If thereâ€™s a base, thatâ€™s the place.
Not the catchiest slogan ever created, but the sentiment is something for real estate and mortgage industry stakeholders to embrace. Military communities are driving growth and income expansion across the country, according to a recent study by USA Today.
Sixteen of the 20 fastest-growing metropolitan areas (based on per-capita income since 2000) either have a military base within their borders or are near a military installation. Thereâ€™s no sign of slowdown in most of these communities. And that means the need for housing solutions is only going to increase.
Scores of service members will return fromÂ Iraq and Afghanistan in the coming weeks and months. Most will qualify for the home-buying tax credits that recently expired for civilian buyers â€” service members who meet the criteria have until the end of April to purchase and until June 30, 2011, to close.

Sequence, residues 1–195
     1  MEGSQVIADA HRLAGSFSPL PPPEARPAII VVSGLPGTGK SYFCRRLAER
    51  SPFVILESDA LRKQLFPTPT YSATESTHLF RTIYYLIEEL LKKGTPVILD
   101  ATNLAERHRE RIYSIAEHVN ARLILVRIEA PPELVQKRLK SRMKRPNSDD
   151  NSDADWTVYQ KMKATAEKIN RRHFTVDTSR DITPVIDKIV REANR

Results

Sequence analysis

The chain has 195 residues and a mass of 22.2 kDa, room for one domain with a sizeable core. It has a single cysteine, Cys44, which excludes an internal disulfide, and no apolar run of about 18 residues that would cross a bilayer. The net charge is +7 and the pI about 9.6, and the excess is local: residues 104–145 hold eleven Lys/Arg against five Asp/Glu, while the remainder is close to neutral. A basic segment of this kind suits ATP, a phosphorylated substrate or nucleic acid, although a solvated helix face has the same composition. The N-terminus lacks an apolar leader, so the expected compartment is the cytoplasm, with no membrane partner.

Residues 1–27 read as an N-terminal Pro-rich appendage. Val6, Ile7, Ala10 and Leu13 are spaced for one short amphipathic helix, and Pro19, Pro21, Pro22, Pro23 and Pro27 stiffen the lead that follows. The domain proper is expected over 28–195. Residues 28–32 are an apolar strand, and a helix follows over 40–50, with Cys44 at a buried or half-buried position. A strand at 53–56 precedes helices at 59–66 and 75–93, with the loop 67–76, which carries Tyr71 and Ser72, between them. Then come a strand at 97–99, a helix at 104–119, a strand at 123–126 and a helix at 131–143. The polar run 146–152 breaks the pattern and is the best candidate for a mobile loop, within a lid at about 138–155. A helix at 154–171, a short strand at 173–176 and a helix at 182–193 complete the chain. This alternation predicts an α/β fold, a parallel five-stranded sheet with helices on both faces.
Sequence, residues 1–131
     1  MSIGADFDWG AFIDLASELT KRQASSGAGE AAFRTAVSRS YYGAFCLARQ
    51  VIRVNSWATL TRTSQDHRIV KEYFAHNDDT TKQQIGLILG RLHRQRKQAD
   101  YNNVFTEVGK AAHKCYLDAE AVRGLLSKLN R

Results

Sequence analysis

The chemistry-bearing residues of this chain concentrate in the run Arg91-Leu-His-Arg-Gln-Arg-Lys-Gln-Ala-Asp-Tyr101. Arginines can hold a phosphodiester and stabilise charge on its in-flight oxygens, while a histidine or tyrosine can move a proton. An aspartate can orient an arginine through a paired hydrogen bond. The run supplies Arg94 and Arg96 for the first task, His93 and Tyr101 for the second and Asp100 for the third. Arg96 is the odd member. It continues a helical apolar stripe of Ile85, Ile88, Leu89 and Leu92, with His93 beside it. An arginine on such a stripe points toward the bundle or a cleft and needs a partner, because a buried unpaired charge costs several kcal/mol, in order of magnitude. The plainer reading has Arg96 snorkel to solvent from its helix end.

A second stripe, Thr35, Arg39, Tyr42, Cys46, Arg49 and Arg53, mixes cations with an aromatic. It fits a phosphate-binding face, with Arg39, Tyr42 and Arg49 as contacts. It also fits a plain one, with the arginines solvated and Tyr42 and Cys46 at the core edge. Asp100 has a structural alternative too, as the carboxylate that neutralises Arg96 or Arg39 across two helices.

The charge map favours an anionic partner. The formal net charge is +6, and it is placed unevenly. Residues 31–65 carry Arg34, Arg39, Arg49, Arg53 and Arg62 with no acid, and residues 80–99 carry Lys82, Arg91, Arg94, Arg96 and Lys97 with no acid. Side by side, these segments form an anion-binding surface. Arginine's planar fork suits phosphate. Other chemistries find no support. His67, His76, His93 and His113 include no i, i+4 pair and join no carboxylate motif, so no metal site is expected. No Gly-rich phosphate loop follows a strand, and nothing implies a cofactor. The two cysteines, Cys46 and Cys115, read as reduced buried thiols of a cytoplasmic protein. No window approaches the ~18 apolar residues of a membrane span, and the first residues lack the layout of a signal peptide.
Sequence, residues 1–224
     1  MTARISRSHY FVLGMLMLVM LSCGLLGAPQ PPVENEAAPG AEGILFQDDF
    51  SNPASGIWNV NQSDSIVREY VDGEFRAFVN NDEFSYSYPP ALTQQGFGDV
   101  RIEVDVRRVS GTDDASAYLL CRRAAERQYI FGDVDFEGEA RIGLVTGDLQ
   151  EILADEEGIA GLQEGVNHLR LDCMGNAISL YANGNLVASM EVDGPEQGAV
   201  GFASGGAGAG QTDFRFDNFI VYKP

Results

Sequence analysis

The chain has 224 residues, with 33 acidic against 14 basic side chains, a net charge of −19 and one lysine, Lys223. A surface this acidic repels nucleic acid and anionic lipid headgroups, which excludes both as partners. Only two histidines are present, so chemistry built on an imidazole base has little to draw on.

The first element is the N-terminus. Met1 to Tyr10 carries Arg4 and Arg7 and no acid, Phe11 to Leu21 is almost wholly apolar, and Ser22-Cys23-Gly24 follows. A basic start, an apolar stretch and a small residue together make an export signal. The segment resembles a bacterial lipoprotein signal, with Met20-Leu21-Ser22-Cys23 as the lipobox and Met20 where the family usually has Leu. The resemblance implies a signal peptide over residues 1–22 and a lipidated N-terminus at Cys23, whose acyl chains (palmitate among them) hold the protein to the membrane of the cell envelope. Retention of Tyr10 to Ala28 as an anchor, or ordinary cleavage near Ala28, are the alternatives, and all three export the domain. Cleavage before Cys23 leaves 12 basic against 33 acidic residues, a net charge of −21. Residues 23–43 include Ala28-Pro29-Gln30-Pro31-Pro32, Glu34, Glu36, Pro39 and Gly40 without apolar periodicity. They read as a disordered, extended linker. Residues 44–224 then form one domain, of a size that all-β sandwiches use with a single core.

At the same time, the military continues to meet and even exceed recruitment goals, bringing new faces to these metro areas every month. Sustained growth coupled with the purchasing power and demand for homeownership among military members makes for a dynamic opportunity for RE folks moving forward.
On the whole, American service members are big-time homeowners, with ownership levels that outpace all other consumer groups. Military members are also in increasingly better shape financially to secure financing â€” the average compensation for military members in 2009 was about $120,000, including pay and benefits.
Agents who can tap into this wellspring have a lot to gain. Getting a solid grip on the scope and inner workings of the VA loan program is often a key step.
This flexible, low-cost loan program is still haunted by some long-held stereotypes and misnomers. The reality is that VA loans are booming nationwide, while serving as a model of stability â€” they continue to have the lowest rate of foreclosure of any major loan program despite the fact that 90 percent of all purchase loans require no down payment.
There are certainly cases when conventional financing makes more sense for military borrowers. But truly capitalizing on these surging military communities is going to require a renewed look at a program thatâ€™s helped those who serve achieve the dream of homeownership since 1944.